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LA Unified selects 8 schools as models for technology expansion

Mike Szymanski | September 8, 2015

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LA Unified administrators have named eight schools using technology in ways that could be replicated throughout the district for how teachers and administrators have blended the use of computers, iPads and Internet-learning with their school curriculum.

The approach these schools are taking could become the basis for a district-wide technology policy that would replace the abandoned $1.3 billion iPad-for-every student plan created by former Superintendent John Deasy.

A new Technology Task Force, charged with devising a strategy for the district, is holding its first meeting Sept. 10. The 40-member task force, now headed by Frances Marie Gipson, includes principals, students, parents and teachers.

The goal of the task force is provide recommendations for a three-year strategic plan to integrate instructional technology throughout the district. Its recommendations will be reviewed and synthesized into a formal draft strategic plan, which will be submitted to the District superintendent. After the superintendent’s review, a final proposal will  be presented to the school board.

The whole process is expected to take a year or longer.

The schools identified for their technology leadership are Gault Street Elementary in Van Nuys; Griffin Elementary School in Lincoln Heights; Melrose Avenue Elementary Math, Science,Technology Magnet in Hollywood; West Hollywood Elementary School in West Hollywood; Young Empowered Scholars Academy in south Los Angeles; James Madison Middle School in North Hollywood; San Fernando Middle School in San Fernando; and Valley Academy of Arts and Sciences in Granada Hills.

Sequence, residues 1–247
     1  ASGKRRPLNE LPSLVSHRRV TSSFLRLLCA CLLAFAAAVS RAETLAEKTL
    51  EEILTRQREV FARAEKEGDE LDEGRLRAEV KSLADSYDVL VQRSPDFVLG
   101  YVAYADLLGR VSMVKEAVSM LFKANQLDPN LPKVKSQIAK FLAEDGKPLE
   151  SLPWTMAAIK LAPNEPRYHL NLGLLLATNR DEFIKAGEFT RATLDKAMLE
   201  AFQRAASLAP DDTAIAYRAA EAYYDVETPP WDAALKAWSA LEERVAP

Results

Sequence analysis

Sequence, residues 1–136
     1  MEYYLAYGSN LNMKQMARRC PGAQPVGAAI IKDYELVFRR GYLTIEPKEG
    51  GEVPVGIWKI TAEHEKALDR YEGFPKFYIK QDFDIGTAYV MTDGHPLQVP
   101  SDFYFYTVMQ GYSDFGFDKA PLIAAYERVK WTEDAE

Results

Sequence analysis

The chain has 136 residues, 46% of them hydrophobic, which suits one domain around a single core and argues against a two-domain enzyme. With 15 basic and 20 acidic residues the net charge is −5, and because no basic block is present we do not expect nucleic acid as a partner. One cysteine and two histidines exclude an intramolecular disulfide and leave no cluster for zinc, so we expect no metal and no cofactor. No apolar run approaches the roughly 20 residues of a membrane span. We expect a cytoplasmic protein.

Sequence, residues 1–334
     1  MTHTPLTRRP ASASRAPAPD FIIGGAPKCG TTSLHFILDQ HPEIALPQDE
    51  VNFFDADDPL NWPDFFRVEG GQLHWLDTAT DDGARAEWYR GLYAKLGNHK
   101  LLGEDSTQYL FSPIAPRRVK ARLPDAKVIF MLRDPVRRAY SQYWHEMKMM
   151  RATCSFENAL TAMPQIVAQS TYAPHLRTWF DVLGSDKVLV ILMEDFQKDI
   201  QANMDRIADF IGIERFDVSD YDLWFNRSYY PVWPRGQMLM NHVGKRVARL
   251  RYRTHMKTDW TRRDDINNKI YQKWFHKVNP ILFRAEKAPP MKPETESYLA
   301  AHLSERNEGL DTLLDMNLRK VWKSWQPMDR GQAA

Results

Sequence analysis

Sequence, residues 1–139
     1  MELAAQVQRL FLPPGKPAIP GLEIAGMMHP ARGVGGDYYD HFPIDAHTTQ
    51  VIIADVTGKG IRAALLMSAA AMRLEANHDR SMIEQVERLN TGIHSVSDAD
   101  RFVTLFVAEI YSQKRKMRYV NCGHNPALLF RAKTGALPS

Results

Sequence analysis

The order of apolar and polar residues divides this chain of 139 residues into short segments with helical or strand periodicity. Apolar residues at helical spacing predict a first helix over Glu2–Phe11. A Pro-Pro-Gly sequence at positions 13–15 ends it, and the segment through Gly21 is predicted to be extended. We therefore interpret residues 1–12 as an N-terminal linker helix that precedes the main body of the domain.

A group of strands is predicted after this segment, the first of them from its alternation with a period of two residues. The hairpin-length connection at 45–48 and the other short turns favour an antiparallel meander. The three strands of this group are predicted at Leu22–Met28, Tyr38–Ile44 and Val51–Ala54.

“Based on our observations, eight schools have embraced technology in the classroom, and we need more of that,” said Linda Del Cueto, chief of Professional Learning and Leadership Development at LAUSD. “We need to take those eight best practice schools and scale those schools to many many more.”

Each of the eight school principals is putting together plans for more technology in the classroom, and an Instructional Technology Facilitator from district headquarters will work with a leadership team from the school to put the plan to use. “We are not asking administrators to do something without support,” Del Cueto said. “And there are still some persisting challenges.”

The biggest issue is to train students, teachers and parents in use of the devices that children bring home and in safety issues and proper use of the technology, Del Cueto said. “These pioneer schools are embracing technology and becoming our lieutenants or ambassadors to help the local districts scale this.”

Robin L. Willis, principal of the Y.E.S. Academy in south Los Angeles, said that this past spring when they allowed the 85 students to take their iPads home over spring break, all of them came back safely. “Our students should have the same technology as students on the other side of the tracks,” she said.

Sgt. Dale Cunningham of the LAUSD police said the students were trained to use the “safe passage” areas to get to school where police monitored them more closely.

Sophia Mendoza, interim director of the district’s Instructional Technology Initiative, said over the summer the district held professional development for schools for the laptops and Chromebooks that the students and teachers would get. “We also showed teachers how they can integrate this new tool into their instruction,” Mendoza said.

Most of the schools now have at least one or two carts of iPads that were used for state testing last year. Mendoza said the next step is to get teachers to use them for more than just the testing, so they are developing a protocol that will help them do it.

“We may have a given school use the devices for certain grades on the first and third week of the month, and the other grades on the second and fourth week, or have the English department one week and the Math classes have them the next week or something like that,” Mendoza said. “We want the teachers to have more access to them, because they are not devices just for the interim assessments. Why should they just be used for testing?”


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